If you’ve been reading our content about the importance of processes, you know the kinds of things that happen when standard procedure isn’t followed. Satellites crash, nuclear reactors melt down, and information security disasters ruin huge corporations.
For software companies, failure doesn’t always have such wide implications but it can mean carelessly shipping a product that creates catastrophic problems for your customers and destroys their trust in you. And of course, it’s a pain in the arse for your development team to fix.
In this article, I’m going to go over some famous software disasters where Quality Control dropped the ball, and look over some common quality control methods.
Quality control mistakes you definitely shouldn’t replicate
It’s always good to learn from the past, and it’s thanks to well-known software disasters that we’ve got tight frameworks for software quality control today.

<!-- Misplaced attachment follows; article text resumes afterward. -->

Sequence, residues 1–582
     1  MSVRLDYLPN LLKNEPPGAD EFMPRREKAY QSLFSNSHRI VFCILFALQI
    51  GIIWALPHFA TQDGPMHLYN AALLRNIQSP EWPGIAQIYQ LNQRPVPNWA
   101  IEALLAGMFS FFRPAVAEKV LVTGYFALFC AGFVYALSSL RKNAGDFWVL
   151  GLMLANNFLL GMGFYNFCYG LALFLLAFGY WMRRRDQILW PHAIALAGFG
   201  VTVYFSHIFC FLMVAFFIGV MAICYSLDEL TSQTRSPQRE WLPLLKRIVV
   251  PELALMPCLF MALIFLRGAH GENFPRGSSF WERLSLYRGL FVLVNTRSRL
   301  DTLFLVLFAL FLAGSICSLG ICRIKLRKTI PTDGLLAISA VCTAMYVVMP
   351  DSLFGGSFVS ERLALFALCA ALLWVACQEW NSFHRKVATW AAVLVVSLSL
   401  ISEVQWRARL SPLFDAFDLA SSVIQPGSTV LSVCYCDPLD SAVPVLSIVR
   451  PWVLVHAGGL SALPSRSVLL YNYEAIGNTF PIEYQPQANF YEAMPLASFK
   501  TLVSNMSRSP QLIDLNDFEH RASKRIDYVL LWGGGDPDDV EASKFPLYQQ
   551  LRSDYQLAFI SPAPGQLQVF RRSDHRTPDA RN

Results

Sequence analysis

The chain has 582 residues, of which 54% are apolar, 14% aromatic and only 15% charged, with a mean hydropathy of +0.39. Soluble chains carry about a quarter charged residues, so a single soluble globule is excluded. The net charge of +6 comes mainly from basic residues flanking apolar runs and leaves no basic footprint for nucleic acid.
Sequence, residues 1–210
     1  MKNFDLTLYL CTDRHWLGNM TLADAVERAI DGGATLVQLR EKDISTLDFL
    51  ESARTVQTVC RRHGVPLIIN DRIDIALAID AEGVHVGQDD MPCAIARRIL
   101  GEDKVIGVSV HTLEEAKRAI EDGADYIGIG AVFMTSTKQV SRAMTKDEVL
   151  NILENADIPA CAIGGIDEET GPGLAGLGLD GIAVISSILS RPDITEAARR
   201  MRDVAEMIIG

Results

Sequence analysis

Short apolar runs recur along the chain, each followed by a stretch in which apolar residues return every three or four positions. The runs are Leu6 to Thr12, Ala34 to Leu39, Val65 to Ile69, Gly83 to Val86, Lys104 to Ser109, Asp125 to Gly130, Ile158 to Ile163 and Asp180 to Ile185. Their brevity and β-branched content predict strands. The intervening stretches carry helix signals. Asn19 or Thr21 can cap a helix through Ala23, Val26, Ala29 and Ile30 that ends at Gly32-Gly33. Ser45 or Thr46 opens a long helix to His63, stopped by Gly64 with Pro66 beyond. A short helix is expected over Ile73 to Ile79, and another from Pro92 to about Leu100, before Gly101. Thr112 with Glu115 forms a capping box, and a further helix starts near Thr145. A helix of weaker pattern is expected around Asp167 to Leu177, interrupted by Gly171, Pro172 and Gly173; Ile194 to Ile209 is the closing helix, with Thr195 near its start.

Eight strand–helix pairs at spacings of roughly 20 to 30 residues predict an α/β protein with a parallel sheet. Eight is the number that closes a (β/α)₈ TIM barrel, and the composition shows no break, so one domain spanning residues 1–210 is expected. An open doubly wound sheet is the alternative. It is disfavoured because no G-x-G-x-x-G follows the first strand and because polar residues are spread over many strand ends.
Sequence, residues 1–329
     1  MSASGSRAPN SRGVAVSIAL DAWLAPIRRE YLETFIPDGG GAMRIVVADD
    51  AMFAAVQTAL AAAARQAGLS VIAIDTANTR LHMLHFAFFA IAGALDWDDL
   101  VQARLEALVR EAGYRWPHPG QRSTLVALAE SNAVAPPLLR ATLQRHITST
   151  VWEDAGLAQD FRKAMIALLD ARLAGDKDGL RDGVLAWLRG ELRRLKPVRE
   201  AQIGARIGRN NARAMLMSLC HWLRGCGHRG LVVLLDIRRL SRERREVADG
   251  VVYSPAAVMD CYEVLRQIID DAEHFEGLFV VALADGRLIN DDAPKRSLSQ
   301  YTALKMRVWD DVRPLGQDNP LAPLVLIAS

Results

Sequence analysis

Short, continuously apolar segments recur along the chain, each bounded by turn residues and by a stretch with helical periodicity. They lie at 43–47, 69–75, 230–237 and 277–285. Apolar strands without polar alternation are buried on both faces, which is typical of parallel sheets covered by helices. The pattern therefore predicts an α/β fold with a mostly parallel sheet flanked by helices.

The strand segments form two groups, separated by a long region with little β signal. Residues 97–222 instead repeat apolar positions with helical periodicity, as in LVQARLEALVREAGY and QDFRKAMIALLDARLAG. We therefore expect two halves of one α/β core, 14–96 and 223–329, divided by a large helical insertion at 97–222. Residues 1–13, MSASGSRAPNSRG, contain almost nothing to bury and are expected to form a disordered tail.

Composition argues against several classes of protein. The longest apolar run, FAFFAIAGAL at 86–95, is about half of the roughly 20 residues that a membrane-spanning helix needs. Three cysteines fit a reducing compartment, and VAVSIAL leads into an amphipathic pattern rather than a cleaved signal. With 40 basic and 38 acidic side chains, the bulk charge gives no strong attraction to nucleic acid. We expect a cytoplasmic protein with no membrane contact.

Let’s take a look at some examples where quality control fell short:
Intel thought a mathematical bug was too rare to bother fixing in 1994
In 1994, a Lynchburg College math professor named Dr. Thomas R. Nicely reported that Intel’s early Pentium processors were returning incorrect values for some division calculations.
“It appears that there is a bug in the floating point unit (numeric coprocessor) of many, and perhaps all, Pentium processors. For example, 1/824633702441.0 is calculated incorrectly (all digits beyond the eighth significant digit are in error).” — Dr. Nicely
For most users, this would never be a noticeable issue. That doesn’t make it any less of an oversight on Intel’s part, though. While trying to triple processing speed, Intel changed the old floating point calculation algorithm to a new version with a lookup table of 1,066 entries. In the first generation Pentiums, however, only 1,061 entries were present…
This error means nothing for all but one in 9 billion use cases. It passed quality control and went into production. However, when Thomas Nicely publicly complained about the error, Intel had to replace $475 million worth of processors for a bug they they claim they’d noticed months back. It was PR nightmare, and costly to clean up.
The mistake in this case? Thinking that a bug affecting a core part of the software’s functionality is too small to be dealt with.